Three Cuts: Perez plays Fenway to perfection; Braves sink reeling Red Sox
Taking three cuts as Williams Perez shut down the Red Sox's offense in the Braves' 4-2 win in Monday's interleague series opener.
The home of the Red Sox ranks as the eighth hitters friendliest park this season, a figure that's in large part due to that big green wall in left field that's helped Fenway sit second in doubles (1.34).
That leaves a pitcher with one very simple task in Boston: keep the ball down. It's a gameplan that Perez played to perfection.
The right-hander induced eight groundouts to three fly balls over six strong innings as he held Boston scoreless while giving up five hits with two walks and two strikeouts in improving to 3-0.
Of course, that fits Perez's M.O., as he came in with a 51 percent ground ball rate, compared to a fly-ball rate of 25. But in two of his last three outings -- both at Turner Field -- he gave up a combined 22 flies, including 12 on June 10 vs. the Padres.
What made Perez's outing so impressive -- beyond the face that for the third straight appearance he held an opponent scoreless and he gave up one or less for sixth time in seven starts -- is that the 24-year-old did it on just 48 hours rest.
Perez came in to pitch the 11th inning on Saturday against the Mets, giving up two hits to the fourth batters he faced before recording his first career save.
But he seemed unaffected by the quick turnaround, facing the minimum through the first three innings and only allowed two runners to get to second base -- Brock Holt in the fourth and Dustin Pedroia in the sixth -- and proceeded to end the inning vs. the next batter.
He was certainly helped by a defense that turned three double plays with him on the mound, but it was an impressive performance from the rookie against a Red Sox offense that just got down averaging 6.4 runs per game vs. the Blue Jays.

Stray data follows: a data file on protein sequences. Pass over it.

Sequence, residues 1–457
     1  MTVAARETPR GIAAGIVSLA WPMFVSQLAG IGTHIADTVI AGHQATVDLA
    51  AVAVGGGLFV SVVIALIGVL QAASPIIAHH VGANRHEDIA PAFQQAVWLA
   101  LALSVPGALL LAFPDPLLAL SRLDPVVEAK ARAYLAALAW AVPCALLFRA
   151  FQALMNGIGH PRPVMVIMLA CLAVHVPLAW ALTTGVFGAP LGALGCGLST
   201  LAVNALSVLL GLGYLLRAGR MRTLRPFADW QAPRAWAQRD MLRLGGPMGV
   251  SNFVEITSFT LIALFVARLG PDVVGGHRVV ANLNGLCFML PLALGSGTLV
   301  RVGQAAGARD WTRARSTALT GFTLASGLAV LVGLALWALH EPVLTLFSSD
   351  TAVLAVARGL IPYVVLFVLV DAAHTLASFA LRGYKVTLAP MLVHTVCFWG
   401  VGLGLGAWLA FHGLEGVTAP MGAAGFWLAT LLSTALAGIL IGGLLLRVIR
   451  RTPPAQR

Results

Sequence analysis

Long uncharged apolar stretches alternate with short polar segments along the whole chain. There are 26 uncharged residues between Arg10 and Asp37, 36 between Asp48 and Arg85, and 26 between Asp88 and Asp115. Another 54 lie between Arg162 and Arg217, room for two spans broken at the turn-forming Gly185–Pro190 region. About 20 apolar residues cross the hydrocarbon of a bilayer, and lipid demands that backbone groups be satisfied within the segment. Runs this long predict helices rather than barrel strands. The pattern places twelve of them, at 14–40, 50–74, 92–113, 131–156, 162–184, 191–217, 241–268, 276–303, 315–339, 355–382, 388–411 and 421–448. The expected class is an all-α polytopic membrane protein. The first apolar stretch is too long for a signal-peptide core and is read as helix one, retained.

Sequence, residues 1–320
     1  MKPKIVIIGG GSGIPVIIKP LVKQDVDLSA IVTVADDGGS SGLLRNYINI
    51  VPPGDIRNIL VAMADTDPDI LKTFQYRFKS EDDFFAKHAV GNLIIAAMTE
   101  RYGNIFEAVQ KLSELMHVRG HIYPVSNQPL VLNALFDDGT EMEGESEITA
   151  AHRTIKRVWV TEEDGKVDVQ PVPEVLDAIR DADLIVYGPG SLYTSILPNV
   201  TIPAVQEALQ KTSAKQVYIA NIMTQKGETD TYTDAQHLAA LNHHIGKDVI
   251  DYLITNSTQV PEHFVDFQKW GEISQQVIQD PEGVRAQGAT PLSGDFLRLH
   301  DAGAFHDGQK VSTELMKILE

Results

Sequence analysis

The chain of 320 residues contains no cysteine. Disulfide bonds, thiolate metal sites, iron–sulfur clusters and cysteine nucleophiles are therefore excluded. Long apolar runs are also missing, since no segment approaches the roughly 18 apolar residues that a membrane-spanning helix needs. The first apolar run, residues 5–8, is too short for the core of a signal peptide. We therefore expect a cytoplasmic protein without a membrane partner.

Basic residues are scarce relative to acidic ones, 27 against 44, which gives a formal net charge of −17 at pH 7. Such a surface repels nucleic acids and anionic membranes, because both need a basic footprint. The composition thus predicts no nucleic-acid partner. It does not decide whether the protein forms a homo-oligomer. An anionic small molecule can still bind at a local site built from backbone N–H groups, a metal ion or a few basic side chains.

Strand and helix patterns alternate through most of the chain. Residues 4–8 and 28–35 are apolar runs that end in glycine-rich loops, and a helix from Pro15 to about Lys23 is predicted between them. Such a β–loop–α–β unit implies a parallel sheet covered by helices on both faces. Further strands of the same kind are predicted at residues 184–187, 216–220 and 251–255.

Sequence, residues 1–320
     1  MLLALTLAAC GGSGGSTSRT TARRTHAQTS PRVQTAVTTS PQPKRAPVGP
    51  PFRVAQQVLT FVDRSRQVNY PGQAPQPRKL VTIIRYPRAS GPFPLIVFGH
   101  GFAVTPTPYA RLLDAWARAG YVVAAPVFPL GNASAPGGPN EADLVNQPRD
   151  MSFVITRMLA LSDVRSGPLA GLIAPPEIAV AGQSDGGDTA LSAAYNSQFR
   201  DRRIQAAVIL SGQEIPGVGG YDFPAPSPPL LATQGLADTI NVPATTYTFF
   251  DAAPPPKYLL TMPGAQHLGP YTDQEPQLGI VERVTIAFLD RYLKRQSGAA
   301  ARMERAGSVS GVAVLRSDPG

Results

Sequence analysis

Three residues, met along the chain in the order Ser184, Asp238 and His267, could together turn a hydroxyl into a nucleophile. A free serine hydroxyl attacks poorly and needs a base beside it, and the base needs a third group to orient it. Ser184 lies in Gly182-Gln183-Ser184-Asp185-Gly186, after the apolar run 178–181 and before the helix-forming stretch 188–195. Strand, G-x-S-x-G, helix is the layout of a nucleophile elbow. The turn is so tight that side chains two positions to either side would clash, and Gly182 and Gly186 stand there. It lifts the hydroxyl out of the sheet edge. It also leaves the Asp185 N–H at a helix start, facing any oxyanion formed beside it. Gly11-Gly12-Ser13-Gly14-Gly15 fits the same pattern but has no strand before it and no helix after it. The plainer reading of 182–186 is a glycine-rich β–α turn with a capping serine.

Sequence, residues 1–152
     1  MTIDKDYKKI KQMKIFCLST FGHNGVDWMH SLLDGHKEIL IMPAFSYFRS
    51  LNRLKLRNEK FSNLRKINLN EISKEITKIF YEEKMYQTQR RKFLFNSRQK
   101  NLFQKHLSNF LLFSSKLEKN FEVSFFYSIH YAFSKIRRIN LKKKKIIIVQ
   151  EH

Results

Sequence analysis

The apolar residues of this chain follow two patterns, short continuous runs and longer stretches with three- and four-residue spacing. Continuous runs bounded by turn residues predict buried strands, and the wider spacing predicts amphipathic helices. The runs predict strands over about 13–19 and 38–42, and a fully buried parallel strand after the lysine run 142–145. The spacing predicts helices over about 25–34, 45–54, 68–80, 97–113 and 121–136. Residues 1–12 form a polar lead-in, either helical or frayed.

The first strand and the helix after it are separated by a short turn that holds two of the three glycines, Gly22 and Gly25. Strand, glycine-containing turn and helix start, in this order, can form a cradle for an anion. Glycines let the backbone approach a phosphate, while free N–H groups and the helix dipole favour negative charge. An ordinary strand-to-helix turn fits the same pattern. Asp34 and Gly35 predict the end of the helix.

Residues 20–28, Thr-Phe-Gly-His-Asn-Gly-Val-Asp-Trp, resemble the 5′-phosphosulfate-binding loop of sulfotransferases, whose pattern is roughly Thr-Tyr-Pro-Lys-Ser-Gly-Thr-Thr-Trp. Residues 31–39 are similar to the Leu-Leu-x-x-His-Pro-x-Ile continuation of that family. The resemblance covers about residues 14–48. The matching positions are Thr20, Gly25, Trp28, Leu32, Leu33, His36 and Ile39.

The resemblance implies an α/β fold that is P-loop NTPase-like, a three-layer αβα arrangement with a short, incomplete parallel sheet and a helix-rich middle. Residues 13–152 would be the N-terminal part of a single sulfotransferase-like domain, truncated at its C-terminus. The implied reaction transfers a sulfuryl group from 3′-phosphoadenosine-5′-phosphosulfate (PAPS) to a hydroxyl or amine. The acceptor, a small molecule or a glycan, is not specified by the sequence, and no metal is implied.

The Braves pounded out nine base hits in the series opener with two each via Nick Markakis, Juan Uribe and A.J. Pierzynski.
But that's nothing new from this lineup, which has produced more singles than an entire season of 'The Bachelor/Bachelorette.' Atlanta now has 407 on the season, which is fifth in the majors and fourth among National League teams.
Those base hits were responsible for three of the Braves' four runs in the series opener as Markakis, Pierzynski and delivered RBI singles in the fourth and Jace Peterson added another in the seventh inning.
Consider it another testament to the work of first-year hitting coach Kevin Seizter. A year ago, the Braves were 20th in that department and haven't gone over the 1,000-single threshold since they had 1,035 in 2008. They're currently on pace for 1,024, which would be the most since 2003 (1,021).
First, the positive.
Dana Eveland and Nick Masset came in after Perez, and while Masset was perfect in 2/3 of an inning, Eveland allowed Xander Bogaerts solo homer.
Still, it was minimal damage from the beleaguered middle relief, which has largely been responsible for a bullpen that sits 29th in the majors with a 4.64 ERA
While Jason Grilli picked up his 17th save of the season, it didn't come easy. He allowed a two-out ground-rule double to Pablo Sandoval, then after the ninth was extended by an Andrelton Simmons error, Grilli gave up a run-scoring single to Mookie Betts.
In all, Grilli faced six batters, marking the 12th time in 23 appearances he has faced for or more batters and the 10th time in his last 12 appearances. Only Glen Perkins and Jeurys Familia, who have 13 such games each, have more than Grilli among closers.
As cardiac as he's been at times, Grilli is still sixth in the National League in saves, which as of this writing, puts him ahead of former Braves closer Craig Kimbrel.
Follow Cory McCartney on Twitter @coryjmccartney